The Ukraine crisis: another crossroads on Russia's downward path

"Obsessive" focus on the Russian government's geopolitical aspirations "obscures larger issues", I argue in the Oxford Energy Forum (downloadable free here). Those issues include Russia's declining economic influence over, and energy trade with, Ukraine and other neighbours, and that "its own economy is becoming more and more one-sidedly a supplier of oil, gas and other raw materials to world markets, and its own development in the broadest sense is suffering as a result".

Sunday, 20 July 2014

Ukraine's imports of Russian gas: how a deal might be reached

Russia stopped exporting gas to Ukraine on 16 June, and because of the political crisis between the two countries they are not close to restarting talks about the price of imports and debts for gas delivered previously. If the politics doesn't allow for talks to restart by the winter, this will become a serious crisis for Ukrainian citizens, on top of the suffering already being generated by the military conflict in the east. If politics moves in such a way as to allow talks to restart, then commercial and economic issues would again come to the fore, and I have written an Oxford Energy Comment on these. You can download it here.

Wednesday, 9 April 2014

Global history of fossil fuel consumption from 1950

In early 2014 I am starting a new research project on the global history of fossil fuel consumption since 1950. There is a project outline here. I welcome contact with other historians working on similar themes.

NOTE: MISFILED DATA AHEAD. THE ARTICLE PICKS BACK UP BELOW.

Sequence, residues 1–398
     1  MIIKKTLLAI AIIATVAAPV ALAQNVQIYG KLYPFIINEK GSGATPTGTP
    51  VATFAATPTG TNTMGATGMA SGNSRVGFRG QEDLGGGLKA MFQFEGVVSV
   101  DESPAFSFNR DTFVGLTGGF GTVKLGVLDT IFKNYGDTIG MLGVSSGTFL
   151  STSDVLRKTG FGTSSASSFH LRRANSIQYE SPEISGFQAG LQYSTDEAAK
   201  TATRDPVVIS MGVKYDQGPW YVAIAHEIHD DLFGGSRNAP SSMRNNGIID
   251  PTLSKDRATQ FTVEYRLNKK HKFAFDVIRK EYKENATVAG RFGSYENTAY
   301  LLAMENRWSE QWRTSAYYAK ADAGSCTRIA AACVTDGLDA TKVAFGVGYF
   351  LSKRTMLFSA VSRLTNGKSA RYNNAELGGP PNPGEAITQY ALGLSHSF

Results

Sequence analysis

Wednesday, 19 March 2014

Russian gas: how it's changing

The changes in international natural gas markets since the 2008 economic crisis have impacted powerfully on Russia. This is the subject of a book, published in May 2014 – The Russian Gas Matrix: HowMarkets Are Driving Change – that I have written with my colleagues at the Oxford Institute for Energy Studies. It covers the way that Gazprom, Russia’s dominant gas company, has been affected by new pricing trends and regulatory regimes in Europe, its main export market; the increased competition between Gazprom and other producers in Russia itself; far-reaching change in CIS markets; and Russian hopes of opening up the Asian export market. It looks at choices being made about the gas industry’s future – on export strategy, domestic market reform, and models of upstream development and taxation – that will affect not only Russia’s future as an energy exporter, but also its economy and population.  

The Ukraine crisis and natural gas markets

The change of government in Kyiv, the Russian military action in Crimea and the danger of war all have implications for the economic relations between Russia, Ukraine and Europe, especially in the sphere of energy. Russia supplies 30% of Europe's natural gas, and much of it is transported via Ukraine. Together with my colleagues at the Oxford Institute for Energy Studies, I have written a comment, What the Ukraine Crisis Means For Gas Markets, published on 10 March 2014.